Dogs normally assess the environment around them by first using their superior sense of smell rather than by sight, although breeds in the sighthound category have been bred to depend more on sight than other breeds but also use this superior sense when in chase.
Dogs that are born blind or those that loose their sight later on in life all manage to cope far better than humans would due to their accute sense of smell.
They do this by making a memory map out of environmental photos so that the dog can relate its whereabouts by the scents it detects in various different directions. This is why blind dogs are far less stressed if they are given the opportunity to explore areas that they visit on a regular basis, rather than new walks in strange and alien environments.
Human Vision v Dog Vision
In a normally functioning healthy human eye, an image is produced in the brain by the stimulation of light sensitive cells on the retina at the back of the eyeball. Here, there are 2 varieties of light-sensitive cells, Cones (for colour) and Rods (for black & white vision, night vision, movement). These stimulations are then directed along the optic nerve to the brain.
There are 3 types of Cones depending on which part of the visible spectrum (see below) that they are sensitive to - red, green or blue light, providing colour vision in daylight. It is a lack of one or more of the cone types that causes individuals to have deficiencies in colour vision or various kinds of colour blindness.
These individuals are not blind to objects of a particular colour but experience the inability to distinguish between groups of colours that can be distinguished by people with normal vision. Recent research on colour perception in dogs has shown that our pets' eyes are structured similar to those of red-green colour-blind people, whose eyes either lack or have a much reduced number of the third kind of cone normally present in humans.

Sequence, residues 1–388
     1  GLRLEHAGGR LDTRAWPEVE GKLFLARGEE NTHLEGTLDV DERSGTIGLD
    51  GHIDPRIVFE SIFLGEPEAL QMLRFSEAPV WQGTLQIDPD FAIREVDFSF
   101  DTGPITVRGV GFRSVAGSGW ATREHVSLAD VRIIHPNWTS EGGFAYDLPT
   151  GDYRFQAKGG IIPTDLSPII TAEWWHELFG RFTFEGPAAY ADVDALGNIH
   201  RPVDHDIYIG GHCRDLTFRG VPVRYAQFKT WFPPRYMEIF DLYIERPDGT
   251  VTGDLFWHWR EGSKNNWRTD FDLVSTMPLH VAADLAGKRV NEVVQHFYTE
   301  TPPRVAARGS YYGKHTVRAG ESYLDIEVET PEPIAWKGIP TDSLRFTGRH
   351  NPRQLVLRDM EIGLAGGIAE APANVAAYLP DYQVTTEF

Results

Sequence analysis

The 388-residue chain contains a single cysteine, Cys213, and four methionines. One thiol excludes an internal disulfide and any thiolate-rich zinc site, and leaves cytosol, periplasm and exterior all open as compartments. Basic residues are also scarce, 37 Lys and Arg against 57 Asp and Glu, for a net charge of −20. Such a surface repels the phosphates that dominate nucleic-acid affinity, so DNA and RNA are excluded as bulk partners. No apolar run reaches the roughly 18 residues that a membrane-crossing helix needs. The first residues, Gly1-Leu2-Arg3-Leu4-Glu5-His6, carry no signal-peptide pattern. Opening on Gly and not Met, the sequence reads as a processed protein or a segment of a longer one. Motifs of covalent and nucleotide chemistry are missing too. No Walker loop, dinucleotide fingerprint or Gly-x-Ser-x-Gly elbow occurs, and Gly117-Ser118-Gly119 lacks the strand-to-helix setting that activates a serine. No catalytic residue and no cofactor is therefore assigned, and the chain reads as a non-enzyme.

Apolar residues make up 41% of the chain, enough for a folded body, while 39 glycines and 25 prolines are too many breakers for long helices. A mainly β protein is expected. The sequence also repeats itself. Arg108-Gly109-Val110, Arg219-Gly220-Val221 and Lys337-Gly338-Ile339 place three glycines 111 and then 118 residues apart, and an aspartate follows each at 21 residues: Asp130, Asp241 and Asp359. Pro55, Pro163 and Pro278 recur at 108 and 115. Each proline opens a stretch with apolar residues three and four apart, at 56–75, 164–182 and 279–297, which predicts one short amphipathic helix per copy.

Under daylight conditions, rods are often saturated and so are not able to contribute to form pictures or patterns. The rods respond well in low-light conditions, producing monochromatic vision or detection of movement. They are located on the periphery of the eyeball, therefore when staring straight ahead, movement at the extremes of our vision is registered by our brains but not a full picture until we turn our heads to look.
Picture credit: Jay Neitz
Picture credit: Jay Neitz
The information on this page is based on an article published by livescience.com in June 2012 called "How do dogs see the world?" written by Natalie Wolchover to show how a dog sees the world in comparison to how a normal human eye sees the world.
Field of Vision
Copyright - based on Sevice Dog Central article - How well do dogs see? Kirsten, August 2009
As a dog's eyes are placed on either side of its head, this gives a visual field of 250 degrees whereas the human field of vision is about 190 degrees, giving the dog an advantage of about 60 degrees more peripheral vision than humans.
The binocular field, where the visual field of both eyes intersect, is approximately half of that of humans. This is where we focus and judge the distance of an object. Where only one eye can see, the focus isn't so good and judging distance becomes difficult but we can still see movements, colours and shapes. Humans accommodate focusing on objects at different distances better than dogs because of the shape of the lens in our eye and also the greater number of cones (ie colour receptors in our eye).
This web site has been written by Sean Hopkins (unless the author of the web page is stated otherwise).
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